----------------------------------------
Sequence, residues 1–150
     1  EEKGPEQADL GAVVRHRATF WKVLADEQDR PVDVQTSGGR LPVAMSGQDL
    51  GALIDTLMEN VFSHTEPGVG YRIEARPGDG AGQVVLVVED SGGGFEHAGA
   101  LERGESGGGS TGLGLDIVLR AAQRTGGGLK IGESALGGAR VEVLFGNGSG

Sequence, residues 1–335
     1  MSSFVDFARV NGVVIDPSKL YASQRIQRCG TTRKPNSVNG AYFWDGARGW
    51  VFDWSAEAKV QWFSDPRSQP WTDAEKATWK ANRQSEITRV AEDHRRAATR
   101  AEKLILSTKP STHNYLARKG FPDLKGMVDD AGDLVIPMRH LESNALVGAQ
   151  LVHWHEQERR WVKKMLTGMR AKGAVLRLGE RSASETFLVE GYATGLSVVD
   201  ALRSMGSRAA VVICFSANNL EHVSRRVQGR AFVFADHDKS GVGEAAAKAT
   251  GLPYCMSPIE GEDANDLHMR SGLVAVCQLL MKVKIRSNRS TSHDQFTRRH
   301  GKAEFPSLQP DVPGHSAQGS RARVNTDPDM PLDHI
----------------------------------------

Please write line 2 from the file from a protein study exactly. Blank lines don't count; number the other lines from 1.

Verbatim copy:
     1  EEKGPEQADL GAVVRHRATF WKVLADEQDR PVDVQTSGGR LPVAMSGQDL